Asparagus is another spring time gift from Mother Nature
Asparagus is a nutrient-dense food that contains no fat, no cholesterol and is low in Sodium; perfect for spring detoxification and weight loss except for those who suffer from gout.
Asparagus, a member of the lily family is a spring time delicacy. The name asparagus comes from the Greek language meaning to “sprout” or “shoot”
Asparagus is a nutrient-dense food which is high in Folic Acid and is a good source of potassium, fiber, vitamin B6, vitamins A and C, and thiamin contains no fat, no cholesterol and is low in Sodium; perfect for all health regimes except for those who suffer from gout. Asparagus is one of the richest sources of rutin, a compound which strengthens capillary walls and contains glutathione GSH which aids in liver detoxification; perfect for spring.
Asparagus is a perfect spring vegetable for its high fibrous content that can easily pull unhealthy toxins from our body. It’s high folic acid content aids in the synthesis of protein metabolism and healthy red blood cells that keeps our energy reserves in optimum shape and our immune systems healthy.
Potassium allows proper water balance in the body and promotes an acid-alkaline balance which prevents illness. Potassium also aids in protein and carbohydrate metabolism thus keeping us slim and fit. Asparagus comes in three colours, white, green and purple.
Have you noticed that after eating asparagus your urine has a pungent odour? Some have reported their urine smelling like rotting cabbage, ammonia or rotten eggs. Completely harmless and not to worry, for some people this naturally occurs. A sulfur compound in asparagus called mercaptan the same compound that gives skunks their offensive odor is the reason and believe-it-or-not, can only be detected by 50% of the population.
There is no one theory for the foul smelling pee, however one theory is that only half the population has the gene that enables the body to break down mercaptan. Another theory involves asparagine a non-essential amino acid which was first isolated from asparagus in 1932. The smell noted in the urine after eating asparagus is attributed to the breakdown of asparagine. Asparagine is important to the nervous system to maintain balance and to transform amino acids.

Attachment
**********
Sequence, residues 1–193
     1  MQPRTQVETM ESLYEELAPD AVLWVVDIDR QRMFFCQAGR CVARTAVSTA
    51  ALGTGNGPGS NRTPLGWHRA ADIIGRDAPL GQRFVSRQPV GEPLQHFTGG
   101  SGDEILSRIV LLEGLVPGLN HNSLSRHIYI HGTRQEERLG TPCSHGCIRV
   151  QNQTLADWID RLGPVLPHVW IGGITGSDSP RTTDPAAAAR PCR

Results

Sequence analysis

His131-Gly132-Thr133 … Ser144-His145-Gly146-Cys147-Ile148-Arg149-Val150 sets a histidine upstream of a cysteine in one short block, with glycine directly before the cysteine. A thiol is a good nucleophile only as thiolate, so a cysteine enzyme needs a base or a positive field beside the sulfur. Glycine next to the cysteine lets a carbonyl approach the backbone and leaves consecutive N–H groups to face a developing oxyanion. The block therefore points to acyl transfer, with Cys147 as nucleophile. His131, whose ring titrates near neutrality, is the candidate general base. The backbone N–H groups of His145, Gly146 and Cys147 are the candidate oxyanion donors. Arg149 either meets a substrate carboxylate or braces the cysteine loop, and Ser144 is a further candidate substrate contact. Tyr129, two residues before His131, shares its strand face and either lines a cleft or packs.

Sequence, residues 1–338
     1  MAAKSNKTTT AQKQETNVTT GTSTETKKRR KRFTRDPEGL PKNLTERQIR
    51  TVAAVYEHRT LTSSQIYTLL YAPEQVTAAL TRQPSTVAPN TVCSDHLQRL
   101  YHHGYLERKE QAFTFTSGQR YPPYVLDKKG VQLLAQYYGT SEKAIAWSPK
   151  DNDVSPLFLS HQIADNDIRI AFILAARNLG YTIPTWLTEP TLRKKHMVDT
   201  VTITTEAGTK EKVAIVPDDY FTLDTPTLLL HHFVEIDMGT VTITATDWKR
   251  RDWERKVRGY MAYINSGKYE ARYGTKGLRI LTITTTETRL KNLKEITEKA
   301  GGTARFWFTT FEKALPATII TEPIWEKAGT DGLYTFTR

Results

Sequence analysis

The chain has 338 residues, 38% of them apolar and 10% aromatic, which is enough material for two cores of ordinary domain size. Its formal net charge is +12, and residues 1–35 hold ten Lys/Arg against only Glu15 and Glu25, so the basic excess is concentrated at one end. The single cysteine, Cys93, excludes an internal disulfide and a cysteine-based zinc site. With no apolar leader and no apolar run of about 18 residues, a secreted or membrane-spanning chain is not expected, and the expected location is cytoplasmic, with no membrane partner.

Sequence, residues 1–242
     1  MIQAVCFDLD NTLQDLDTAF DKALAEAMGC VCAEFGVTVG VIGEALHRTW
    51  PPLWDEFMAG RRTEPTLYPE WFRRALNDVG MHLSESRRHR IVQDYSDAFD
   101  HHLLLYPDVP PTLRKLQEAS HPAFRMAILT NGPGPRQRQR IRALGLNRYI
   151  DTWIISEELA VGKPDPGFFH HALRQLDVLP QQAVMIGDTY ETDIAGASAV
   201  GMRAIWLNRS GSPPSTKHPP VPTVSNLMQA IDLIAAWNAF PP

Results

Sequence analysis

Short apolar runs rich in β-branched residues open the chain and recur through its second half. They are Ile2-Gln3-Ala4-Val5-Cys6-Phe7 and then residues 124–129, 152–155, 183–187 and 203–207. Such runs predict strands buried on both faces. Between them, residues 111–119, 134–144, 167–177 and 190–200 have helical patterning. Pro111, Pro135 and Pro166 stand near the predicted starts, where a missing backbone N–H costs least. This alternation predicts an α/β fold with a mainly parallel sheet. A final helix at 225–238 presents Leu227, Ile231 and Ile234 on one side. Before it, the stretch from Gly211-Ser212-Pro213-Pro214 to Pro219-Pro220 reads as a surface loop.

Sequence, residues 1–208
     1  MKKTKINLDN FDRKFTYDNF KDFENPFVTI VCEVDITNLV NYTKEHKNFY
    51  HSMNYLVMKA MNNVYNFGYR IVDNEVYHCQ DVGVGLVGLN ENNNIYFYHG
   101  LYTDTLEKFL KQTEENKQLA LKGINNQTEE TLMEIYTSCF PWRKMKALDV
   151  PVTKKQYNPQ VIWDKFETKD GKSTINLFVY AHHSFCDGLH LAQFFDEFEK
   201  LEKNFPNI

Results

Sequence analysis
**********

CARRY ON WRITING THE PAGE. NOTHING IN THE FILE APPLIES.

The best time to purchase asparagus is in the spring. They usually make an appearance early March and depending on weather conditions can be purchased up until early June. When purchasing asparagus look for stalks that are firm, crisp, with tightly closed tops that are not discolored or slimy, and the bottom of the stalks should look crisp and well hydrated. Avoid stalks that are split and woody. The best way to purchase asparagus are ones that are stored standing in a small amount of water.
Fresh asparagus will only last 3 to 5 days in the refrigerator, if at all possible place asparagus in a small container of water and stand up right in your refrigerator. If they were not stored in water, cut off a 5 mm (1/4 inch) of the bottom of the stalks and place in water.
Asparagus can be steamed, sautéed, roasted and grilled on the barbeque.
Here’s a quick Asparagus recipe to add to your dinner tonight:
Super-Duper quick Asparagus
- Asparagus as many as you like
- Olive oil 1 teaspoon per 5 stalks
- 1-2 clove garlic, minced
- Pinch sea salt
- 1 tsp sesame seeds per 5 stalks
Take as many asparagus as you would like, cut into 2 inch pieces, coat with olive oil. Place in a skillet and cook over medium heat for 3 minutes, add minced garlic and cook for another 2 minutes. Remove from heat; serve with a sprinkle of sea salt and sesame seeds. Enjoy immediately!
*The information provided in this article has not been approved by the FDA or Health Canada and is not intended as a substitute for consulting with your physician. This article is not recommending changing any treatment or medication you are taking without consulting with your personal physician or qualified health care practitioner. Before implementing any suggestions seen here please consult with your physician or qualified health care practitioner